Jesus needs us to be his hands in the world, to teach and heal and be like Christ to each other, and of course, just like that baby in the manger, Jesus needs our love. This charge is not as simple as it might first appear. While most of us may know how to take care of the basic needs of a baby, any caregiver can tell you that figuring out what a baby needs when she’s crying in the middle of the night is not always as easy as we’d like it to be.
Knowing how to nurture God is not so simple either. Of course, we’ve heard the basics—love your neighbor, turn the other cheek, pray without ceasing…but it’s never as easy as it sounds, is it? Nurturing God is something that we need to work at, every day. And it may mean different things for each of us.
Some of us nurture God by working for justice and peace. Some of us nurture God by using our resources to help those less fortunate. Some of us nurture God by working to heal the earth—God’s imperiled creation… and then, for some of us the act of nurturing God must begin with taking more time to nurture ourselves. What would it be like if we loved and respected ourselves as much as God loves and respects us? If we based our decisions on the understanding that we are God’s own beloved, infinitely cherished…
…Would it be easier to see the innate worth of another human being if you saw it in yourself?
What would it take, for you to nurture God?
Now, I would be remiss if I didn’t mention that not every baby is treated like the miracle that they are. I spent two and a half months this fall in a class with 28 other prospective foster parents learning about all the children in our county who, by no fault of their own, are neglected and abused and end up in the foster care system. Each week, we would hear about the effects of trauma on children, and it was often bleak.
Each week, I would look around at all of these other hopeful foster parents and wonder if we were all crazy to be signing up for this work, to be jumping through all kinds of hoops just for the privilege of caring for children who other adults had neglected or hurt. But every week, we were there. Anxious, sometimes doubting if we were up to the task, and yet hoping for that call from a social worker someday saying “you will find a child… Maybe not wrapped in cloths and lying in a manger, but you will find a child.”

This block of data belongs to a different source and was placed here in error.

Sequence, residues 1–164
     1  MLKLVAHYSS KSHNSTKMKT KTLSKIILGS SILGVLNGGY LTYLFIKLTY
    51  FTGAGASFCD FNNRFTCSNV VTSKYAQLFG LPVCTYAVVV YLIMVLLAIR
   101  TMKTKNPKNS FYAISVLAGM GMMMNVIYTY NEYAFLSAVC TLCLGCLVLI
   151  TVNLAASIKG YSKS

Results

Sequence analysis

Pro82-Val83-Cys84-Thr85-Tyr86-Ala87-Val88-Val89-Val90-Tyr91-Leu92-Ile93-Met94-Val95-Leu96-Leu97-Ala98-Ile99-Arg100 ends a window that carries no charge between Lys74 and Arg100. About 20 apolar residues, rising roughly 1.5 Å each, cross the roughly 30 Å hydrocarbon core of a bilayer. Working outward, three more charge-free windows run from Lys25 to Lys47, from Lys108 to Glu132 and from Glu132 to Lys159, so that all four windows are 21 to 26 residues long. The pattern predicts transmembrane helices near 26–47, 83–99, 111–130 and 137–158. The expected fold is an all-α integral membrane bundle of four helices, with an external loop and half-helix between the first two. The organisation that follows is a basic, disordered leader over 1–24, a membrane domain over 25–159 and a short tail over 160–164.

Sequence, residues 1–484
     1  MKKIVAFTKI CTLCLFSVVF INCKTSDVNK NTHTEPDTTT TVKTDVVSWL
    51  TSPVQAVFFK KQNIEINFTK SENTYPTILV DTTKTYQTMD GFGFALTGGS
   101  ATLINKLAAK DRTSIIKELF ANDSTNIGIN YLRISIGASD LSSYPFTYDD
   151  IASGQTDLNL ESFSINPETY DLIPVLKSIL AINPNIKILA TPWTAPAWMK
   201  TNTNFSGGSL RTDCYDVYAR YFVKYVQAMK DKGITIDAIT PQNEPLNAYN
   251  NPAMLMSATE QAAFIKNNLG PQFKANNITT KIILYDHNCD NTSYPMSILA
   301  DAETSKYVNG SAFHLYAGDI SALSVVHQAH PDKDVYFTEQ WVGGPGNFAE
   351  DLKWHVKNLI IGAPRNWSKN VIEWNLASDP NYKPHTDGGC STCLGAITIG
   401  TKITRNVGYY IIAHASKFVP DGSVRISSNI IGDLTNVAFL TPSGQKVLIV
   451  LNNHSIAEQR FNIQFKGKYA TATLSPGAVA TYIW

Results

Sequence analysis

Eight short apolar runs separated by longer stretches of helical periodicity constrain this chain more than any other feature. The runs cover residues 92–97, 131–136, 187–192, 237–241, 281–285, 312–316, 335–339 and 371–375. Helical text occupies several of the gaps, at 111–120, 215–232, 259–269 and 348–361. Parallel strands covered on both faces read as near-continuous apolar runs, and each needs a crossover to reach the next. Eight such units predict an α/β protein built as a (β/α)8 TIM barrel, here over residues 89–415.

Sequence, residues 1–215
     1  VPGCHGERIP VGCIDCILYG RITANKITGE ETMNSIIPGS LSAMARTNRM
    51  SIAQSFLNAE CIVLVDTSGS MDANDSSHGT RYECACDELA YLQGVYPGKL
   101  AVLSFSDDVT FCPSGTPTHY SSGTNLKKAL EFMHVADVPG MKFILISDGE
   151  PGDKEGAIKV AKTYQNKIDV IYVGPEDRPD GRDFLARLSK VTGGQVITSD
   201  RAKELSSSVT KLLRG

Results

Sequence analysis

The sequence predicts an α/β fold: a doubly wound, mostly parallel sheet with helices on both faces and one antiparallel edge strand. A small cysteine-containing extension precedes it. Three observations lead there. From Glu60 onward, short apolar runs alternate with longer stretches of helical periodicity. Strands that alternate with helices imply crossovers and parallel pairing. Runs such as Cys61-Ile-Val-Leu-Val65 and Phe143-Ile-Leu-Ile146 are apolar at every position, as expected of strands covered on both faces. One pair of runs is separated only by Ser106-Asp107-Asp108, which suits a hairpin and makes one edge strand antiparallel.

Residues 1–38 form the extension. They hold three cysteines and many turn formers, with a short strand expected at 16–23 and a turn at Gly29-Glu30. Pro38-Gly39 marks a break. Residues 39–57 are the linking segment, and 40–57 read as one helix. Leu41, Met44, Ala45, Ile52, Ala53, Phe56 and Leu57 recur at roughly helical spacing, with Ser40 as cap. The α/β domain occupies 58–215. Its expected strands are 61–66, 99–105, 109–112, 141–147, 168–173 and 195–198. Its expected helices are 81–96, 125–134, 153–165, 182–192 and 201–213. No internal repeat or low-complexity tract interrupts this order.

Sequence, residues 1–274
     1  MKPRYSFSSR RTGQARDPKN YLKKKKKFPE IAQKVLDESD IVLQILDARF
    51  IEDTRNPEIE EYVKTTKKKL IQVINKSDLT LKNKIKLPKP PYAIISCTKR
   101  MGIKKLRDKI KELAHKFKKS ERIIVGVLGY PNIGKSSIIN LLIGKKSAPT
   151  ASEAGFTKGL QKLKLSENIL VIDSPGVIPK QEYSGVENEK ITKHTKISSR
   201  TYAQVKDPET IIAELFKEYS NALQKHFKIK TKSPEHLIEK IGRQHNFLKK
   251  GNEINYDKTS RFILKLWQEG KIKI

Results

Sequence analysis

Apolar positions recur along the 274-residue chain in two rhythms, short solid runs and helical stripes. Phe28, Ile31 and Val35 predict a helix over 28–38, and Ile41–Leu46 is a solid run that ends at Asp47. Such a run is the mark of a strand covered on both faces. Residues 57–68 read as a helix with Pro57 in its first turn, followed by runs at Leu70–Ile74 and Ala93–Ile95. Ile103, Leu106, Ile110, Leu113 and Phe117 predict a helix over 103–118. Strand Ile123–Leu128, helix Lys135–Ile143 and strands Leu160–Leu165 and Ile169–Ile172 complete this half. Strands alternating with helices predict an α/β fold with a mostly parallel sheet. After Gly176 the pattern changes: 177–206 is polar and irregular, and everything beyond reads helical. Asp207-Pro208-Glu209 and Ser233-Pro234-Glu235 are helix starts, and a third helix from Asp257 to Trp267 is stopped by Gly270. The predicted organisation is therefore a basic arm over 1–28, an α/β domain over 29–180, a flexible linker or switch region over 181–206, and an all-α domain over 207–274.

For me, and for those other parents, this is a calling—one way we strive to nurture God. We hope that by taking care of children who are given to us, loving them and helping them heal, even if we only have them for a short time, we will make a difference in their lives—help them to understand what a miracle they each are.
The story of Jesus begins with his birth, begins with explaining that he was a poor, helpless baby who needed his parents love and care… and that part of his story is important, because this is not the last time we are told that Jesus needed others. Jesus wasn’t a Ruler like anyone had known before or since. He didn’t govern with an iron fist, forcing people to bend to his will. He did not kill people, wage wars, make money off of others’ suffering or deny any person’s inherent worth.
Jesus was the leader of a community. He listened and he taught, he fed and he healed, he protested and he spoke out against injustice… and he did not do it alone. Throughout his life, Jesus needed his parents, his friends, and his disciples to nurture and help him, to work with him and love him, just as he needs each of us today.
It’s just a simple story, about a young mother, her tiny baby, and the community gathering around to celebrate his birth. Christmas is when we are reminded of this, of how simple and yet miraculous it is that we are here, that God is with us. I hope that tonight this story also helps us remember that God needs us, that Jesus needs us, and that as we care for others, if we can act with the understanding that each person is beloved of God, then our actions, our prayers, and our love are Nurturing God.